World Premiere at TIFF
by Helenistic | helen-mccrory.com | September, 13, 2021
Charlotte, an animated movie to which Helen McCrory contributed her voice is getting its world premiere today at the Toronto Film Festival.
Keira Knightley leads the brilliant cast including Brenda Blethyn, Jim Broadbent, Sam Claflin, Henry Czerny, Eddie Marsan, the late Helen McCrory, Sophie Okonedo, and Mark Strong.
The Canada-France-Belgium animated drama depicts the true story of Charlotte Salomon, a young German-Jewish artist who comes of age on the eve of the Second World War and defies incredible odds to create a timeless masterpiece.
The project is inspired by the autobiographical painting series “Life? or Theatre?” by Charlotte Salomon herself.
Here is a short synopsis from Charlotte’s production notes:
Charlotte is an animated drama that tells the true story of Charlotte Salomon, a young German-Jewish painter who comes of age in Berlin on the eve of the Second World War. Fiercely imaginative and deeply gifted, she dreams of becoming an artist. Her first love applauds her talent, which emboldens her resolve. But the world around her is changing quickly and dangerously, limiting her options and derailing her dream. When anti-Semitic policies inspire violent mobs, she leaves Berlin for the safety of the South of France. There she begins to paint again, and finds new love. But her work is interrupted, this time by a family tragedy that reveals an even darker secret. Believing that only an extraordinary act will save her, she embarks on the monumental adventure of painting her life story.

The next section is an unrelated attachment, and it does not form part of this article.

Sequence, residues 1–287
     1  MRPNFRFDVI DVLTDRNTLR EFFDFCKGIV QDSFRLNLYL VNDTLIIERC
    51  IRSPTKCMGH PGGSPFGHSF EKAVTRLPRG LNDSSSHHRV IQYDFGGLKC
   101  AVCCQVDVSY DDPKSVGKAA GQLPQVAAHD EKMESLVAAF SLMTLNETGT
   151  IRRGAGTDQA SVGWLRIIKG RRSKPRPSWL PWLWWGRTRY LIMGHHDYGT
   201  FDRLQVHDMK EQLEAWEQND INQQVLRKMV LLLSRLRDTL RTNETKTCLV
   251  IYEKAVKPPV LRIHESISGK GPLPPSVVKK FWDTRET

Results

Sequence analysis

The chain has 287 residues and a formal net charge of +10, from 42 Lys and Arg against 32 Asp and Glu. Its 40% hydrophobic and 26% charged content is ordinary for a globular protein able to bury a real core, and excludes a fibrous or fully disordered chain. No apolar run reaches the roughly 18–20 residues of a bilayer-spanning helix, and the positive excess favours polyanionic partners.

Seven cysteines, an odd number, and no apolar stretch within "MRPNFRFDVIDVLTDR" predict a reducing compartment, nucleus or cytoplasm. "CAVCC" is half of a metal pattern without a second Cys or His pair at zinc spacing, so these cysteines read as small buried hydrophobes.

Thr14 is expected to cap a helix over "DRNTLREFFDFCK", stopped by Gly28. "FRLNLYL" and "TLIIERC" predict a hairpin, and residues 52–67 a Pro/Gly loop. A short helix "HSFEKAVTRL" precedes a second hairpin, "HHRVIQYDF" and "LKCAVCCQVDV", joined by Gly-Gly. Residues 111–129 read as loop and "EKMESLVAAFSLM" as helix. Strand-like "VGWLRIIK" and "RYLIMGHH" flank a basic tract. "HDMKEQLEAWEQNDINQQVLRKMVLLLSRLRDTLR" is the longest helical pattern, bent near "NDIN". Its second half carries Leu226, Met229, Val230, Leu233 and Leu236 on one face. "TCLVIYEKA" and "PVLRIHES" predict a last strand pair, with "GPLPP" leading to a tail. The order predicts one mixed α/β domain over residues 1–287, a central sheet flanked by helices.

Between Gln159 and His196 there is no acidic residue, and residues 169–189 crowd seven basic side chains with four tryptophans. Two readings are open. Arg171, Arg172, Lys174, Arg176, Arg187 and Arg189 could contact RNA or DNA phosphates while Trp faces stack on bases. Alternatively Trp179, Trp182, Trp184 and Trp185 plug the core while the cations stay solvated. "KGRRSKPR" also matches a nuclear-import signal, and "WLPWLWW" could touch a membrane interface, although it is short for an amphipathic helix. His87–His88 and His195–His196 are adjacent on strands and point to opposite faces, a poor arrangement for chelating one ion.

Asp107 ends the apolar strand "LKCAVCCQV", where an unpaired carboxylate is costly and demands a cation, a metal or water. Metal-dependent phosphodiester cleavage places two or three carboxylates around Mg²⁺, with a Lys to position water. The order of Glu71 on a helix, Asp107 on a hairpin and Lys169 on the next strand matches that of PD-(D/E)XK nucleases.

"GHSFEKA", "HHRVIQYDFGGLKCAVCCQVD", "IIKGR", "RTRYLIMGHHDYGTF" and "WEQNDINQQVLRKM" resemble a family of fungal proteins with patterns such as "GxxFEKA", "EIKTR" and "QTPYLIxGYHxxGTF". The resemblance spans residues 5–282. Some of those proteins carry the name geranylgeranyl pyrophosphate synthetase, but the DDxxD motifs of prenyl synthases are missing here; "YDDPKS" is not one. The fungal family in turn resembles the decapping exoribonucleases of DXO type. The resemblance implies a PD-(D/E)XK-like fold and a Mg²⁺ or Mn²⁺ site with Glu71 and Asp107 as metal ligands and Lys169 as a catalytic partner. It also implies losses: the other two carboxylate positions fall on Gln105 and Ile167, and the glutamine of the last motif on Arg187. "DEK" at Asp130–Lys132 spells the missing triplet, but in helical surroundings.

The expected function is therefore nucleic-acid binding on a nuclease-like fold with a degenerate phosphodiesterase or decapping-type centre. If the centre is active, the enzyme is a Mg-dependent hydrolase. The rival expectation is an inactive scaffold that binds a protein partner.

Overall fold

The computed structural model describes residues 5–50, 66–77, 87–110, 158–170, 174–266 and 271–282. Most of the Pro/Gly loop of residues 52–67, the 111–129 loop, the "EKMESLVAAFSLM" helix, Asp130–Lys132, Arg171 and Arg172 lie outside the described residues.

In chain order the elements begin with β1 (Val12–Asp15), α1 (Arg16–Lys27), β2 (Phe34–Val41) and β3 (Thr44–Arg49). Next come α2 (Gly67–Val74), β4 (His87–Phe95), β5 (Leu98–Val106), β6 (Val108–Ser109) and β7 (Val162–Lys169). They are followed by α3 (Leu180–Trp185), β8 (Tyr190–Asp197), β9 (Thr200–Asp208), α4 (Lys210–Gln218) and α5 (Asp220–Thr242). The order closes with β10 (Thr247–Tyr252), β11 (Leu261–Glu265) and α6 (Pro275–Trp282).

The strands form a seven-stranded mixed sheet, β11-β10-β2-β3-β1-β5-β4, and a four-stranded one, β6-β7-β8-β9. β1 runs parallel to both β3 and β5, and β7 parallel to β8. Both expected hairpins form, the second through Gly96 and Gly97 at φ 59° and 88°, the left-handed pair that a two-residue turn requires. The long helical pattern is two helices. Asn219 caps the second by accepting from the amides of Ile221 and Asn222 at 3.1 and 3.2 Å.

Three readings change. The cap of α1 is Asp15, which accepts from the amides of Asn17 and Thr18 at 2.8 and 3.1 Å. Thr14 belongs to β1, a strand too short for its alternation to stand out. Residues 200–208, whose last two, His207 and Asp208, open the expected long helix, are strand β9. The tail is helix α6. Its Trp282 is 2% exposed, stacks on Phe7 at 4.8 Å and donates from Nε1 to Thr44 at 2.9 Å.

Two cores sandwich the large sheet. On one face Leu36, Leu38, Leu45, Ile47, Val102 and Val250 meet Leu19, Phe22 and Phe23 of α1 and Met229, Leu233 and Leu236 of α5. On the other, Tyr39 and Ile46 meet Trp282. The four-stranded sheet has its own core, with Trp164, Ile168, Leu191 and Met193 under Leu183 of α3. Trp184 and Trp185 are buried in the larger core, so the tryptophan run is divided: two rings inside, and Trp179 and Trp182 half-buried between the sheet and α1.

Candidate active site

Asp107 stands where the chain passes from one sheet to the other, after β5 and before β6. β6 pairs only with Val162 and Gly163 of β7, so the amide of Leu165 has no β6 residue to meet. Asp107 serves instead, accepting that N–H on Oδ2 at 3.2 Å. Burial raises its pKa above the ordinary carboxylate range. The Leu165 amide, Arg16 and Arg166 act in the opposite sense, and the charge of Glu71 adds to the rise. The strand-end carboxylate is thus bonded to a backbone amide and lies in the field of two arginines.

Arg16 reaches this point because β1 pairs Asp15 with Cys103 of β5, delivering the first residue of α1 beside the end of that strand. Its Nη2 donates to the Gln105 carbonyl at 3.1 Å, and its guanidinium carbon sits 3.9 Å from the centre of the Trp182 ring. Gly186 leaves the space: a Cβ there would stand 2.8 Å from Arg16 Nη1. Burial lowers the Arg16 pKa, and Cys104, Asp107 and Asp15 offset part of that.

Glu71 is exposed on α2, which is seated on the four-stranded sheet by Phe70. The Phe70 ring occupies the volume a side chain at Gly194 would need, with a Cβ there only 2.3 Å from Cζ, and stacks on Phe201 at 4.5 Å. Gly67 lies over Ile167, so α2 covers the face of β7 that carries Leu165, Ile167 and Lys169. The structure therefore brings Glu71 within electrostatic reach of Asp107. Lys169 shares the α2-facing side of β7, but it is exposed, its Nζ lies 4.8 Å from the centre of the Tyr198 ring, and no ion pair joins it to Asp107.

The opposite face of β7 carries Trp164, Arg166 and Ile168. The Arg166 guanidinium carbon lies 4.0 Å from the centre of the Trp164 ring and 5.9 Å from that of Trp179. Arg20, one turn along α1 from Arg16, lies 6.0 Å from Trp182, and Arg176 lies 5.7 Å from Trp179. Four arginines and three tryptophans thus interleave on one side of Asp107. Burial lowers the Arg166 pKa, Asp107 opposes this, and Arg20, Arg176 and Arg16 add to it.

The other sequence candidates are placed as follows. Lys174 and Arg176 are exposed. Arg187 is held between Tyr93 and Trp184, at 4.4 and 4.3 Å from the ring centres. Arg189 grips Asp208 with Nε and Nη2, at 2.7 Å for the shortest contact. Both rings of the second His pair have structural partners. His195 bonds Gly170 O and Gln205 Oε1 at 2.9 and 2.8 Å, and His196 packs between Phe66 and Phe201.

In the production notes for the movie, Helen says that the depth of the character is what sold her playing Charlotte’s stepmother Paula.
“She went from being the stepmother of many stories – which is the interloper, the threat to the young girl – into becoming a mother,” says McCrory. “And just as Charlotte becomes an artist, and Albert becomes a survivor, so Paula becomes a mother. So this triangle, all have a story that we follow.”
McCrory believes the script is particularly generous to Paula, who offers a window into the risks of choosing the artist’s life. “As an artist, you use yourself,” she suggests, asking one of the film’s underlying questions. “What is it when you use yourself, but you’re not allowed to be yourself because you’re a Jew?”
Despite that darkness, McCrory agrees that Charlotte is a story of triumph. “There’s a line in this when somebody says ‘it is not whether life loves you, it’s whether you love life’. And for me, that’s absolutely encapsulated in this film, and it’s a total salute to her.”